The court is aware that this situation may change as litigation
progresses. As the Eighth Circuit Court of Appeals instructs, the court will
“continue to be alert to the possibility that, because of procedural complexities
or other reasons, later developments in the case may show either that counsel
should be appointed, or that strict procedural requirements should, in
fairness, be relaxed to some degree.” Williams v. Carter, 10 F.3d 563, 567
(8th Cir. 1993).
Motions for Preliminary Injunction or Temporary Restraining Order
Smith moves the court to enter a preliminary injunction or temporary
restraining order. Docket 32; Docket 44; Docket 49. At this time, it is
premature to grant Smith this relief. His complaint has not been screened,
and he has filed numerous motions to amend his complaint. Therefore, his
motion is denied.
Motions to Amend
Smith moves to amend his complaint. Docket 30; Docket 43; Docket 50.
Under the local rules:
[A]ny party moving to amend a pleading will attach a copy of the
proposed amended pleading to its motion to amend with the
proposed changes highlighted or underlined so that they may be
easily identified. If the court grants the motion, the moving party
will file a clean original of the amended pleading with the clerk of
court within 7 days.
D.S.D. Civ. LR 15.1.
In his first motion to amend, Smith followed this rule, but he failed to
follow it in his second and third motions. Therefore, it is unclear whether
Smith wishes the court to construe his proposed amended complaint, Docket
30-1, as his amended complaint or whether he wishes to add to or change this
complaint with his subsequent motions. If Smith wishes to amend his original
complaint, he must either give the court notice that he wishes Docket 30-1 to
constitute his complaint or file a proposed amended complaint that fully states
all of the claims he intends to raise, not one that is an addition to another
Motion For Order To Show Cause
Smith filed a motion titled “Plaintiff’s Motion to Establish a Conflict of
Interest Factor Between State Attorney General’s Office, and the
Representation of This Case Because of This Reason.” Docket 51. In this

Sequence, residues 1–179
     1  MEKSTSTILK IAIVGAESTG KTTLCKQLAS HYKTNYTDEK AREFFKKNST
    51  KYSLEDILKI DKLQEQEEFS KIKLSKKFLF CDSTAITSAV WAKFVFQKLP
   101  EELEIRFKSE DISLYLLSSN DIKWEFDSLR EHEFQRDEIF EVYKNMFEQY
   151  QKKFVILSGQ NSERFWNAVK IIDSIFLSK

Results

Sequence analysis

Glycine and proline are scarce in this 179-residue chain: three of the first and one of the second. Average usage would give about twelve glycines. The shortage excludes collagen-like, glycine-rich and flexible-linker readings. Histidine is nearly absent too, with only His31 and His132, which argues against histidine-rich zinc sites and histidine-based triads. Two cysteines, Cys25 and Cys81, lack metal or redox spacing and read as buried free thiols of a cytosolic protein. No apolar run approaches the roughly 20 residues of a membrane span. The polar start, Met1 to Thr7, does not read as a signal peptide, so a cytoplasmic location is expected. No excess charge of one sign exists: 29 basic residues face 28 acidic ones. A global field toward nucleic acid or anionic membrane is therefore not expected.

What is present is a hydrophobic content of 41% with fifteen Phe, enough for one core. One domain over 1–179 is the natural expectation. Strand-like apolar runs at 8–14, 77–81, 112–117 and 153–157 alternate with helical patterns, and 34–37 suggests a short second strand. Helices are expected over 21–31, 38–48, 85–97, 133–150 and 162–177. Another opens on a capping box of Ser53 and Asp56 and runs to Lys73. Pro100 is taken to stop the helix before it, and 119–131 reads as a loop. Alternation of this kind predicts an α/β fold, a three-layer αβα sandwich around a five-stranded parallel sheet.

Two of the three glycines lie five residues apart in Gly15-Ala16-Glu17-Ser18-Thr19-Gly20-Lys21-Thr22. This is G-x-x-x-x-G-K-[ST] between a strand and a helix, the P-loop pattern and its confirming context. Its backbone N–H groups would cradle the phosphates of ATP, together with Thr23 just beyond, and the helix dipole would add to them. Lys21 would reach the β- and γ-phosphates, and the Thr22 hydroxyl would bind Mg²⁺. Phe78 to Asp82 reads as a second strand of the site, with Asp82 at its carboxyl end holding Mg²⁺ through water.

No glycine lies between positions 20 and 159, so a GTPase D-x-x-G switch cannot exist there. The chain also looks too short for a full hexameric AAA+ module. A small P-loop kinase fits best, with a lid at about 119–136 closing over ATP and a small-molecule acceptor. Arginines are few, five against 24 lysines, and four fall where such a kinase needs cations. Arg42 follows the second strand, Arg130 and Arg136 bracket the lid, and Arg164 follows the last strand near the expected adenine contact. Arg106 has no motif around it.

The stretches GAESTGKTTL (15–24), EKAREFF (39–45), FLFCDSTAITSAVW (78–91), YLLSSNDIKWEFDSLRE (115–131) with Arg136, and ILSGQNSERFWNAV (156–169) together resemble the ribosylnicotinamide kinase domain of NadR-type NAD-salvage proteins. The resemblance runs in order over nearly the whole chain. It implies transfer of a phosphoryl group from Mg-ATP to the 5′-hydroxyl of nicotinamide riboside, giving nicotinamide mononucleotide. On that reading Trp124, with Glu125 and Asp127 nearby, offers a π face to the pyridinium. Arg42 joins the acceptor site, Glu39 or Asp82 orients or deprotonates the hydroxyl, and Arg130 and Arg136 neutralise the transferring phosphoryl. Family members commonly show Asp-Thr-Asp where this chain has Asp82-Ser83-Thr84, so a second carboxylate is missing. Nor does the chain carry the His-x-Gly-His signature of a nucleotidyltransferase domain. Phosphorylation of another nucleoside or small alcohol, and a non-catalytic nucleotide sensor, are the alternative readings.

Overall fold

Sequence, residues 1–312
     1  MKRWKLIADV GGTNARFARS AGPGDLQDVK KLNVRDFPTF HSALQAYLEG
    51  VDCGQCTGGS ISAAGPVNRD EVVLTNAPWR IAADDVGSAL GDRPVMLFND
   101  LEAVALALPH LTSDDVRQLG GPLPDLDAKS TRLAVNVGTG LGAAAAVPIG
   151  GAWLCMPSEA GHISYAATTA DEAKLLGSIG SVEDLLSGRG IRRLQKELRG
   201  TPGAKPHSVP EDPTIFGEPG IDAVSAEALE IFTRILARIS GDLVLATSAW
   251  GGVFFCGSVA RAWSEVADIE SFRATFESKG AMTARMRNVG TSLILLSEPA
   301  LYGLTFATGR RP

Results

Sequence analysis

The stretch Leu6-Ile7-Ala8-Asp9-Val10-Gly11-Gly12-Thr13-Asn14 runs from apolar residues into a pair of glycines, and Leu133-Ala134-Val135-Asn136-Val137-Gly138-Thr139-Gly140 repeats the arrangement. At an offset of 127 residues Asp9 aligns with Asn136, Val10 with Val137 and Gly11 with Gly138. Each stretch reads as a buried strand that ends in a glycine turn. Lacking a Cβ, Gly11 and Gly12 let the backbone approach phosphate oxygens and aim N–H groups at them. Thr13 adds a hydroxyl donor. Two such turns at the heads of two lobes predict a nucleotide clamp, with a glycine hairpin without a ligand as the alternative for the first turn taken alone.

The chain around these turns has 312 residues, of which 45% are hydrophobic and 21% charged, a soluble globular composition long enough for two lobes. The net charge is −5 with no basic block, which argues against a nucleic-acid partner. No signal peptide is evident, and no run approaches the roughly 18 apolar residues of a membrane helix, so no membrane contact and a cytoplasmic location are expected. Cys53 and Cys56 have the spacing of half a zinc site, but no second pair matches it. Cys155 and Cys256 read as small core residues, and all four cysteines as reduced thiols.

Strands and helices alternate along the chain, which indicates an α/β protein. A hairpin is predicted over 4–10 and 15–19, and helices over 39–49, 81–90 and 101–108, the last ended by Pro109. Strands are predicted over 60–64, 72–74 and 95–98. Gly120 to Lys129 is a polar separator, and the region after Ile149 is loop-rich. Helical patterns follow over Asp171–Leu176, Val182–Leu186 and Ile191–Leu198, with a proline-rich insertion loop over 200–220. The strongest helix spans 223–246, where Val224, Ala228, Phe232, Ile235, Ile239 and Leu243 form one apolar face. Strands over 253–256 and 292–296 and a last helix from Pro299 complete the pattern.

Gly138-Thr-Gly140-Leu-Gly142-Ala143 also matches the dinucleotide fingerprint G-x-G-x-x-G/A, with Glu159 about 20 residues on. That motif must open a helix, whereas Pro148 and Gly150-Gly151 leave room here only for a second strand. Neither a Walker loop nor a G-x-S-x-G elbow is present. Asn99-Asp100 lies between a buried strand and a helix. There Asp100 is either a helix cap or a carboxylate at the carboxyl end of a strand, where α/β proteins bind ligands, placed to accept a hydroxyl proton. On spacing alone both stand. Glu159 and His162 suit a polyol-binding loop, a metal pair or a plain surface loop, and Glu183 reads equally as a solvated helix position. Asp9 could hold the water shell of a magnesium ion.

motion, Smith complains that the Attorney General’s Office represented the
state in his criminal case, his state civil rights case, and the current case. Id.
Smith states that he is willing to let defendants be represented by Marty
Jackley, and if he cannot, he asks that a special prosecutor be appointed. Id.
Defendants have not been served, however, and no attorney has appeared for
them. Further, that the state’s attorney’s office is representing the state in all
three cases is not a conflict of interest. Therefore, his motion is denied.
Thus, it is ORDERED
1. The stay on Smith’s case is lifted.
2. If Smith wishes to amend his complaint, he must give this court
notice that he intends his proposed amended complaint (Docket
30-1) to constitute an amended complaint or file a full amended
complaint that contains all of the claims he intends to raise by
January 27, 2017.
3. Plaintiff's motion for service (Docket 29) is denied.
4. Plaintiff's motion to appoint counsel (Docket 31) is denied.
5. Plaintiff’s motions for preliminary injunction or temporary restraining
order (Docket 32; Docket 44; Docket 49) are denied.
6. Plaintiff's “Motion For Activation of The Staying Order To Be Now
Changed Under This ‘Writ of Coram Nobis’ and Under The Fed. R.
Civ. P., Rule 60(a)” (Docket 42) is denied.
7. Plaintiff's motions to amend (Docket 43; Docket 50) are denied.
8. Plaintiff’s Motion to Establish a Conflict of Interest Factor Between
State Attorney General’s Office, and the Representation of This Case
Because of This Reason (Docket 51) is denied.
Dated January 10, 2017.
BY THE COURT:
/s/ Karen E. Schreier
KAREN E. SCHREIER
UNITED STATES DISTRICT JUDGE